Award-Winning Pennsylvania Nurse Stymied by Antiquated Law

This is Part 1 of our special two-part series about scope of practice regulations for nurse practitioners (NPs). Full practice authority permits nurse practitioners, who are nurses with advanced degrees, to deliver healthcare without unnecessary barriers or restrictions. Currently, 26 states across the United States grant full practice authority for NPs.

In this episode, we hear from Lynn Heard DNP, CRNP, a family nurse practitioner and longtime school nurse. She’s based in Pennsylvania, a reduced practice state, meaning NPs must have a collaborative agreement with two physicians in order to prescribe medicine and provide their full spectrum of care. At the start of the pandemic, Heard lost her collaborative agreement after the physician she worked with closed down their practice. Since then, she’s had trouble finding new physicians to collaborate with and has scaled back her family practice considerably.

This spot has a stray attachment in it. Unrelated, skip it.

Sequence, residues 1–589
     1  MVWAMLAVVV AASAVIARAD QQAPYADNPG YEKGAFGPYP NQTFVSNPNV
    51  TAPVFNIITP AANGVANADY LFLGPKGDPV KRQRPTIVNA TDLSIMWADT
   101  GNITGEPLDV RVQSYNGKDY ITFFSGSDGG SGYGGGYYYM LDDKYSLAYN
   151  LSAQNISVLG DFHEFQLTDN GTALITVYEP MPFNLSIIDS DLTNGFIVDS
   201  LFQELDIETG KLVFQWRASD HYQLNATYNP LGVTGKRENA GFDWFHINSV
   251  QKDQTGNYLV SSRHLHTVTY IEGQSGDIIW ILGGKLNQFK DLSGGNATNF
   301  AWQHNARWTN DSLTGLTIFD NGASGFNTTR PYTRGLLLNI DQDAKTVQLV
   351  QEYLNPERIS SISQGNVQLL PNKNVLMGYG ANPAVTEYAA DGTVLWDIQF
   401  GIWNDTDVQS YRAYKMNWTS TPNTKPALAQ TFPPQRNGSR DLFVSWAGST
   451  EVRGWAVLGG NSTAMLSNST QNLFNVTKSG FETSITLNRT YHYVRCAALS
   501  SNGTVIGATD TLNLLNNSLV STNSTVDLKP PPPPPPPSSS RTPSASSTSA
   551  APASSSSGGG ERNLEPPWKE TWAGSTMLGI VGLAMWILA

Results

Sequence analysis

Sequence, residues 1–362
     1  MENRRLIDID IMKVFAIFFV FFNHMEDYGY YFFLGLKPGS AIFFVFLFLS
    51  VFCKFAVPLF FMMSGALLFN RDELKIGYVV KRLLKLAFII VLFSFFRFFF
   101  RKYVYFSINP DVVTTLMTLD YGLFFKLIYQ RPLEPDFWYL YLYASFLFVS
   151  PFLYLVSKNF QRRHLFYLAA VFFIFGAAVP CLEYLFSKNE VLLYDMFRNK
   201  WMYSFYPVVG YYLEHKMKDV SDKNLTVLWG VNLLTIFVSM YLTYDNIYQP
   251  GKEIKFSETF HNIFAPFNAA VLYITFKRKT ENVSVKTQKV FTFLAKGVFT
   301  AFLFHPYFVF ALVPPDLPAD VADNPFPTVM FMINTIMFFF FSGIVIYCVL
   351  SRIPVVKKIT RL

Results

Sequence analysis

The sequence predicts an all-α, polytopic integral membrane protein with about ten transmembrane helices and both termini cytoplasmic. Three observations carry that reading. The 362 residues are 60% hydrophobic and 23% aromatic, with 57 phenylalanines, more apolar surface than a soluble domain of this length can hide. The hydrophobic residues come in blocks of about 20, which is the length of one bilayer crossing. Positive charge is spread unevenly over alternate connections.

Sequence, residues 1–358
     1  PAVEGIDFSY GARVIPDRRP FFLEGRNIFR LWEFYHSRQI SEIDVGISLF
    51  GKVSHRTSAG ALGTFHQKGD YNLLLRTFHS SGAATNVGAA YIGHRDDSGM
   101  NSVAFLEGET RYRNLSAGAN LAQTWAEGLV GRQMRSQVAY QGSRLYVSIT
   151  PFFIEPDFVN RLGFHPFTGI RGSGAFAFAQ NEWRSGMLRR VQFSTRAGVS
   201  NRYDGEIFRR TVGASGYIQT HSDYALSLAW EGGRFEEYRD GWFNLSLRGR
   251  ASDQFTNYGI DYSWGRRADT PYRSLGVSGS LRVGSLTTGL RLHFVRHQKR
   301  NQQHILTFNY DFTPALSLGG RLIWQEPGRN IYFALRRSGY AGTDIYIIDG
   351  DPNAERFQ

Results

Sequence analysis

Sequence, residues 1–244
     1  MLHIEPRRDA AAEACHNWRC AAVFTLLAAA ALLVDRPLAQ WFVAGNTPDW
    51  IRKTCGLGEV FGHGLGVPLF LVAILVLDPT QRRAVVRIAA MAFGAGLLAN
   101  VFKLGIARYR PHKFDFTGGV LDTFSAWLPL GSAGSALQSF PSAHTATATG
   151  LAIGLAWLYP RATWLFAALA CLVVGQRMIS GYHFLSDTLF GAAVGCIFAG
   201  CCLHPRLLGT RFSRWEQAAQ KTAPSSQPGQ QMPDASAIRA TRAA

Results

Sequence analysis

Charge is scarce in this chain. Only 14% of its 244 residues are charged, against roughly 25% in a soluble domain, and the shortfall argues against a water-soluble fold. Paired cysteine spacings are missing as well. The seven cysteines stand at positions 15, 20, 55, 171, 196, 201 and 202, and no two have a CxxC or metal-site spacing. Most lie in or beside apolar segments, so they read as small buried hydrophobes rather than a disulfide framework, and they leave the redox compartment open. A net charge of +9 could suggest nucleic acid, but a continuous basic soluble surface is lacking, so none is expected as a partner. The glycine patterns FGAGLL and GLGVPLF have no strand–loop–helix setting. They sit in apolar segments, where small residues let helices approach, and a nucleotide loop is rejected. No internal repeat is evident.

We also hear from Bonnie McFarland and Susan Donces, two of Heard’s longtime patients. Since Lynn does not have a collaborating physician, McFarland can no longer see her and refuses to choose a new primary care provider. Donces continues to see Heard as her primary healthcare provider, but she cannot receive prescribed medication.

Pictured with Dr. Heard (right) are Bonnie McFarland (left) and Susan Donces (left), two of Heard’s longtime patients.

Part 2 of our special coverage will discuss the broader scope of practice trends across the country. Joining us for that conversation are Pennsylvania State Senator Camera Bartolotta to talk about removing barriers to care here in Pennsylvania, along with nurse practitioner and state policy expert Tay Kopanos from the American Association of Nurse Practitioners.

To learn more about full practice authority, listen to our previous episode, The Fight for Full Practice Authority in Pennsylvania, which features various NPs who are advocating for themselves and their patients.

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